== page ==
Columbus-based Homestead Development also aims to construct two 8,000-square-foot office buildings worth $1.2 million each on the available 10.2-acre portion of the site and market them for medical uses that will be used by Homestead residents and the community at large.
“One of the things that drew us to this location is not only the Exchange itself, but also the ability to have connectivity to a lot of potential uses,” said Matt Canterbury, vice president of Homestead Development.
Those uses can be found within a 10,000-square-foot “Amenity Village” filled with things such as barber shop, salon, game room, fitness center, living room, a business center, chapel, post office, pet grooming area and more.
“The idea is that the seniors have a place to go and to collaborate and build community through activities of their own, activities that they create as well as what the building will give them,” Canterbury said.
The "active senior” designation means Homestead markets itself toward people who are 55 years old and older, are just retired and do not yet require any form of assisted living, he said. Average age is between 60 and 75. Senior-based rent rates are about 80 percent of average median income, Canterbury said.
Canterbury said Homestead chose the site because of its location between Miamisburg and Springboro and because of the area’s demographics. The company plans to submit a final development plan to Miami Twp. this month for the township’s board of trustees to vote on in December, he said.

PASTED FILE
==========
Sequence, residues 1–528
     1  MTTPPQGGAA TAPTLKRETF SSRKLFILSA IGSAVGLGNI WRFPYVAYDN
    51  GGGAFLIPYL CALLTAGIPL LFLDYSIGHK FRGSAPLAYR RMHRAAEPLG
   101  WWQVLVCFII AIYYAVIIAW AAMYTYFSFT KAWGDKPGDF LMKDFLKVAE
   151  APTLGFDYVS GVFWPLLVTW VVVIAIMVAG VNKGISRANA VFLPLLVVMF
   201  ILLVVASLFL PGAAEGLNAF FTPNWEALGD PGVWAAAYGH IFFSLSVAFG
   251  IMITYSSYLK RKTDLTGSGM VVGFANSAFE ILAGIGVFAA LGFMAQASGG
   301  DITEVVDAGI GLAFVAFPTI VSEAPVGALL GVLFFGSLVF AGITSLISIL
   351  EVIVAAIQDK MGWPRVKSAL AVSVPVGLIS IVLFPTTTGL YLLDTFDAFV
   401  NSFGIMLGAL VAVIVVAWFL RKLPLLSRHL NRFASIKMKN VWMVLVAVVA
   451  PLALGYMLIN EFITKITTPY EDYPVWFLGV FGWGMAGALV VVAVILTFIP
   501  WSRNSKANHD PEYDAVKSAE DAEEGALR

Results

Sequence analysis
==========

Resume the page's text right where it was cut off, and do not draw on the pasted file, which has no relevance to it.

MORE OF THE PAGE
If approved, the project will be built by Homestead Construction and will be the fourth Homestead Village Active Living 55+ community. A second 90,000 square foot location, also at 130 units, broke ground earlier this year at 3815 Park Overlook Drive in Beavercreek and a village and model is set to open in the spring of 2021. Pre-leasing will kick off at the end of this year and the marketing team is planning a ribbon-cutting that is scheduled for April.
Development on both the senior living and office components will occur separately but are being designed to work together in terms of the layout and parking design.
A plan submitted to the township shows open spaces with a gazebo and sidewalks connected to the rest of the Exchange at Spring Valley development. Buffers will be added to the east side of the site to protect residential uses located to the east of the site, company officials said.
Greg Smith, of Oberer Land Developers, told township trustees during their Oct. 6 meeting that the company has owned the site for about 15 years and marketed it for office use, but demand for office space in the area “has been a little bit weak and, unfortunately, is probably going to get a little bit weaker.” In contrast, residential demand continues to be strong, he said.
Smith said the Homestead development benefits retail and restaurants along the front of the site.
Trustees voted last month to approve a resolution that changes zoning to allow for a senior residence facility on the property.